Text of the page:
After his return to Scotland in 1357, David's government proved efficient. He was able to impose heavy taxation to meet the cost of his ransom; yet royal finances were probably in a better state at the end of his reign than at any other time in the century. He dealt firmly with a baronial revolt in 1363 and with opposition from individual barons. He reacted strongly to disobedience by certain Highland nobles, provoked by increased taxation and an act of revocation of 1367, which bore heavily upon them. As a ruler he was evidently stronger than any of his successors before James I.
His main weakness lay in his personal affairs. His first wife seems to have abandoned him after 1357, returning to England where she died in 1362. David above all required an heir. By 1363 he had formed an attachment to Margaret Logie, whom he married in that year. When no heir was forthcoming by 1370, he divorced her and was planning to marry Agnes Dunbar, when he himself died unexpectedly, early in 1371.
David has been accused of lack of patriotism, but there seems little basis for this. Throughout, he tried to maintain the integrity of his kingdom, with success in what were often difficult circumstances.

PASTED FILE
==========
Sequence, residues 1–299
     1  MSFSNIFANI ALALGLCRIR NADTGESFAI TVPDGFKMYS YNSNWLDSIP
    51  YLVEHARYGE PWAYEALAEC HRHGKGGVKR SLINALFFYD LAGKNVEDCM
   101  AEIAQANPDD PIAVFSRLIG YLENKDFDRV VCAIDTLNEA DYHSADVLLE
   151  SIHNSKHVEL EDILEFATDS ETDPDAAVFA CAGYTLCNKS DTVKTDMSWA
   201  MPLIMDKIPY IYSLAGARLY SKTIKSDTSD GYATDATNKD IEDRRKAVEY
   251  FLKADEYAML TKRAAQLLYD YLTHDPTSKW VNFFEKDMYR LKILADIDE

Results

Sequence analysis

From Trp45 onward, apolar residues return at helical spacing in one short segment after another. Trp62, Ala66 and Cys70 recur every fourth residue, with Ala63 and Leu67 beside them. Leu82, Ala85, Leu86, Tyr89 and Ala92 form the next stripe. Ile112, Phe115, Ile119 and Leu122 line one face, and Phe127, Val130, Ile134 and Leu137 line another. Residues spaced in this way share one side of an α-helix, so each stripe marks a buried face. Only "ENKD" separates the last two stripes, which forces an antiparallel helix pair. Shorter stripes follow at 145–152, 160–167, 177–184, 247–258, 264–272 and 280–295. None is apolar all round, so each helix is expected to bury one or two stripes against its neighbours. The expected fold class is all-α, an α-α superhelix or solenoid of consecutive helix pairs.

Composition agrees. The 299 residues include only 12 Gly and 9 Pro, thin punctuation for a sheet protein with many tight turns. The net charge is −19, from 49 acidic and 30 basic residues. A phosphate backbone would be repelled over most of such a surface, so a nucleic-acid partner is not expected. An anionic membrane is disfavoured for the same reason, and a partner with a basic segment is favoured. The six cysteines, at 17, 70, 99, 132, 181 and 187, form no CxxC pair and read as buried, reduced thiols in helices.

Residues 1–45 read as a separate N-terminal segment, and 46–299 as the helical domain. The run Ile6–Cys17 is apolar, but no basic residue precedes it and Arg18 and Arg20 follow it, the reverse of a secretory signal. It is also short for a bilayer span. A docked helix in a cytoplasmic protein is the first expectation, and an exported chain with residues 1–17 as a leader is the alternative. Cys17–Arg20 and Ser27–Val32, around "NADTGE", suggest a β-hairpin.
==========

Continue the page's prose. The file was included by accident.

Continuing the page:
"David II." The Oxford Companion to British History. . Encyclopedia.com. (February 24, 2018). http://www.encyclopedia.com/history/encyclopedias-almanacs-transcripts-and-maps/david-ii
"David II." The Oxford Companion to British History. . Retrieved February 24, 2018 from Encyclopedia.com: http://www.encyclopedia.com/history/encyclopedias-almanacs-transcripts-and-maps/david-ii
Modern Language Association
The Chicago Manual of Style
American Psychological Association
David II (king of Scotland)
David II (David Bruce), 1324–71, king of Scotland (1329–71), son and successor of Robert I. David's guardians were not strong enough to prevent the invasion (1332) of Scotland by Edward de Baliol, who, with the support of Edward III of England, was victorious at Halidon Hill (1333). The young king was sent to France, where he was maintained in the Château Gaillard by Philip VI. David returned to rule Scotland in 1341. In 1346 he invaded England to aid the French king and was captured and held prisoner until, in 1357, he was ransomed for the promise of 100,000 marks. Finding the money to pay the ransom (never paid in full) occupied him for most of the rest of his inglorious reign. His nephew Robert II succeeded him.
"David II (king of Scotland)." The Columbia Encyclopedia, 6th ed.. . Encyclopedia.com. (February 24, 2018). http://www.encyclopedia.com/reference/encyclopedias-almanacs-transcripts-and-maps/david-ii-king-scotland
"David II (king of Scotland)." The Columbia Encyclopedia, 6th ed.. . Retrieved February 24, 2018 from Encyclopedia.com: http://www.encyclopedia.com/reference/encyclopedias-almanacs-transcripts-and-maps/david-ii-king-scotland